What’s It Like to Drive a Z06-Powered Rolls-Royce? “Yeehaw!” Says Leno

by Grace Houghton
13 May 2024 3 min read
What’s It Like to Drive a Z06-Powered Rolls-Royce? “Yeehaw!” Says Leno
(Photos: Ringbrothers)

Car history boffins know that 120 years ago this year, Rolls met Royce. But did you know that a Silver Cloud once met … a Corvette?

Welcome to the latest custom-built creation of Ringbrothers, the hot-rod shop based in Wisconsin, USA. Though this 1961 Rolls-Royce Silver Cloud II debuted last year at the industry-only SEMA show in Las Vegas, brothers Mike and Jim Ring brought it to Jay Leno’s Garage last week, and we couldn’t resist another chance to savour the coolness of this lovingly crafted hot rod.

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This week’s featured car on Jay Leno’s Garage is Leno’s own Spectre, Rolls’ first all-electric car (read our review of the model here), but a ’60s Silver Cloud is probably more in line with what most people imagine when they hear the words “Rolls-Royce.” Leno, ever the comedian, tells the story of driving a similar model, loaned to his shop by a friend who bought it for $15K and wanted Jay’s staff to help him fix it up. “I pull up to a light and look over, a guy gives me the finger!” Leno says. It’s all smiles and waves, he says, when he drives his McLaren F1, valued around £19,000,000. But in the Rolls? “I look like a landlord – c’mon, gimme the rent!’”

Leno Ringbrothers Custom Rolls-Royce steering wheel

This Rolls came to the Ringbrothers shop wearing not white but baby blue. Under its hood was the engine that Rolls built it with, an aluminium-block 6230cc V8 topped with two single-barrel SU carburetors and making 230bhp.

At first glance, only Rolls-Royce faithful would spot anything different about this Silver Cloud, because brothers Jim and Mike Ring kept external modifications to an absolute minimum. The clues are in the size of the wheels – 18 inches in diameter rather than 15 – and in the bulbs in the taillights and front turn signals, which are LEDs.

Leno Ringbrothers Custom Rolls-Royce rear three quarter

All you have to do, of course, is click “play” on this video to realise that something is very, very different about this Rolls. A supercharger whine gives away the secret: An LT4 V8, the same engine that Chevrolet put in the seventh-generation Corvette Z06, sits below the centre-hinged hood of this British beauty. It’s backed by a 10-speed automatic transmission and kept in rein by a beefy set of Baer brakes: Six-piston calipers clamping 15-inch rotors, hidden behind a set of EVOD Industries wheels whose caps are self-levelling affairs bearing the twin Rs of the Rolls name.

Leno Ringbrothers Custom Rolls-Royce engine

Ringbrothers fit the new powertrain into the car thanks to a chassis swap. They scanned the original frame, then worked with fellow industry veterans Roadster Shop to craft a modern version in steel. The fully independent suspension is similarly modern, thanks to a six-inch RS SV coilover from Fox at each wheel. Ringbrothers shopped freely from the General Motors catalogue to build this 640bhp beast: The sway bars use end links from a C6 Corvette. The exhaust is from a Cadillac ATS-V, chosen (and modified) by the brothers for its dual-mode function: “As you jump on it it doesn’t get a whole lot louder, but it does open a second set of pipes.”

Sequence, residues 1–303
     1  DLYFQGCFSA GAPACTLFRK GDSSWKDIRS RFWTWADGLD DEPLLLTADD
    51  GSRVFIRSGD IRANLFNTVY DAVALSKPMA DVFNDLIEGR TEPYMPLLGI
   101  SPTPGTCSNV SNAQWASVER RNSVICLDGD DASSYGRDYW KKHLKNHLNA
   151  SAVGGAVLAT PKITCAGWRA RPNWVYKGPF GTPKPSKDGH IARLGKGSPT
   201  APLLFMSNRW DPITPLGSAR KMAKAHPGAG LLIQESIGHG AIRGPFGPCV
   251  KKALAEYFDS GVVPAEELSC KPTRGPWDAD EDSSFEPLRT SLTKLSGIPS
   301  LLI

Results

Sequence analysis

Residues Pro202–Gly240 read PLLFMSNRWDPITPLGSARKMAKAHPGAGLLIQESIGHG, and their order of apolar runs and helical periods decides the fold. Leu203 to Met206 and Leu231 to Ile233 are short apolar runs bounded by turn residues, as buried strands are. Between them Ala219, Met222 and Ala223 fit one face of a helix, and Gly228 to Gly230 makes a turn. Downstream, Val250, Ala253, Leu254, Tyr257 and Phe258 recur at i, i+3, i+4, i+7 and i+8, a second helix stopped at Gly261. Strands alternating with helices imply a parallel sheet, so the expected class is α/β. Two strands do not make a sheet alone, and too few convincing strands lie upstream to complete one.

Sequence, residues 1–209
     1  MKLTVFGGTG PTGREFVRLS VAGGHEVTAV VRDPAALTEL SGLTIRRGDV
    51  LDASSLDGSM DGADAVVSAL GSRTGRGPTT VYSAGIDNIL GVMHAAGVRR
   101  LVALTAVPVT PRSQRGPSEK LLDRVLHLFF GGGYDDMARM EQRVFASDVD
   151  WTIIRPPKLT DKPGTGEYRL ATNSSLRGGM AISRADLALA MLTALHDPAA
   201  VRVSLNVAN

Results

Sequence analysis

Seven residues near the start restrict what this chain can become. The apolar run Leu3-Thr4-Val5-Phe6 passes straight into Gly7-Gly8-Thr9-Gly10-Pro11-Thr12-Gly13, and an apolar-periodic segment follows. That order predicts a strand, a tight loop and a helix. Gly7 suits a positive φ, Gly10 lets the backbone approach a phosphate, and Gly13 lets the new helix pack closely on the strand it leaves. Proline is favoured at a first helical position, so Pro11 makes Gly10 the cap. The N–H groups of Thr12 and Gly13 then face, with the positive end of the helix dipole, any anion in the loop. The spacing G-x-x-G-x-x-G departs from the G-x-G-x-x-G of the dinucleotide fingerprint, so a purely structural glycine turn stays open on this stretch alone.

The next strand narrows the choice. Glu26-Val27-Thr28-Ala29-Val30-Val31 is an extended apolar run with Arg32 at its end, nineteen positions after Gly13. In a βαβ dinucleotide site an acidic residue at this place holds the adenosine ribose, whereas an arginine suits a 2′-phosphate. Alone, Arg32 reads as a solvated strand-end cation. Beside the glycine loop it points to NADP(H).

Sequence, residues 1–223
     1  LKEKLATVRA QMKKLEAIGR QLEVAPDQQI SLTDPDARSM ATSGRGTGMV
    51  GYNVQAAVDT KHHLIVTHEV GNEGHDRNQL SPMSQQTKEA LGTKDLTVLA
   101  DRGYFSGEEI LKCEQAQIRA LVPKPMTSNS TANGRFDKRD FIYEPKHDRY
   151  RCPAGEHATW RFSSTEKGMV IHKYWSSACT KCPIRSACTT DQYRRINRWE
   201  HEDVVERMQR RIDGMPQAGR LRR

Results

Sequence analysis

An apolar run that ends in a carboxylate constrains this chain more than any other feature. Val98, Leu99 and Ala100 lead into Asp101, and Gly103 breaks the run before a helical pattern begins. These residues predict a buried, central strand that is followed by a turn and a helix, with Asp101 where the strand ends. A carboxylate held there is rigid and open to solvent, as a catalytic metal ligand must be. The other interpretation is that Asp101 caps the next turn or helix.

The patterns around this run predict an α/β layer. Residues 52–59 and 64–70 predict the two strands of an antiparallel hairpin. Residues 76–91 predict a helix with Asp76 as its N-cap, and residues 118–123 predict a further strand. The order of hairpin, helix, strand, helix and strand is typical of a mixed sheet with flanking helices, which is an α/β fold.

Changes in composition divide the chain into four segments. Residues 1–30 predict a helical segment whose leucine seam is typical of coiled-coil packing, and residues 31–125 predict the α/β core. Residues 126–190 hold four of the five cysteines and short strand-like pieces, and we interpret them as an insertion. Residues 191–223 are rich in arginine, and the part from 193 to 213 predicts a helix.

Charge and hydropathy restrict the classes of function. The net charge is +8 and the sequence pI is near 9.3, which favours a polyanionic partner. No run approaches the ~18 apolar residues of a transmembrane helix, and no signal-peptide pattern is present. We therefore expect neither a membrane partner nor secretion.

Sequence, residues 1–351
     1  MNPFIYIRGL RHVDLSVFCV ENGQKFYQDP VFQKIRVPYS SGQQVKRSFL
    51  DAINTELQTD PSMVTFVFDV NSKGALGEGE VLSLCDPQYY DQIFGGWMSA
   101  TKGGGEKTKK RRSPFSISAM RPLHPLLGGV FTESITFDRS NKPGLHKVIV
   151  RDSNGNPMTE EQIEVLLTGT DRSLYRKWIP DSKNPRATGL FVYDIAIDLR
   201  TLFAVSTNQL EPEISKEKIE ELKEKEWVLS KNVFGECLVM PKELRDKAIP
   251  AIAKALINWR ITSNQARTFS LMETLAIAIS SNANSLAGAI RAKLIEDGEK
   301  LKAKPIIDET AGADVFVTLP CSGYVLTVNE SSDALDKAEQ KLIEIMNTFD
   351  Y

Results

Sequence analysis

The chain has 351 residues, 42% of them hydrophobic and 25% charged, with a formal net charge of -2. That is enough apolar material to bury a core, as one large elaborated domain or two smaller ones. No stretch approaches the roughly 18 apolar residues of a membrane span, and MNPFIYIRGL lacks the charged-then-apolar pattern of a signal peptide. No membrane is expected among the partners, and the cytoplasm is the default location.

And Leno does jump on it: In the back seat, Jim is shoved backwards by the acceleration. Mike and Leno wear giant grins, and Leno lets out a yeehaw!

Just how fast is this cosmopolitan Brit? To find out, Ringbrothers raced it against a 2023 Rolls-Royce Phantom, powered by a twin-turbo V12 making 563bhp. We won’t spoil the surprise … have a watch below:

Changes to the interior are similarly understated. Instead of a glovebox to the right of the steering wheel, there’s an air conditioning vent. The outlines of the dash are the same, but the wood colour is different – the panels are actually aluminium, hydrodipped to look like a lighter, more modern-looking wood. The headliner mimics the Starlight one on modern Rolls-Royces, because the customer wanted the ceiling to look like that of his modern Rolls. Why not, you know?

Leno Ringbrothers Custom Rolls-Royce interior

Jay Leno repeatedly praises the build quality of the Ringbrothers’ shop, honking the horn to emphasise their attention to detail, and enthusiastically declaring, “So fun having a Rolls-Royce that handles!” As always, we’re re-watching the video, wishing for our own turn behind the wheel. The combination of V8 roar and supercharger whine, though, is good enough for now.

It’s increasingly fashionable these days to EV-swap a Rolls. If you had a Silver Cloud, what would you do: Leave it stock, swap in batteries for an ultra-silent experience, or start browsing Chevrolet crate engines?

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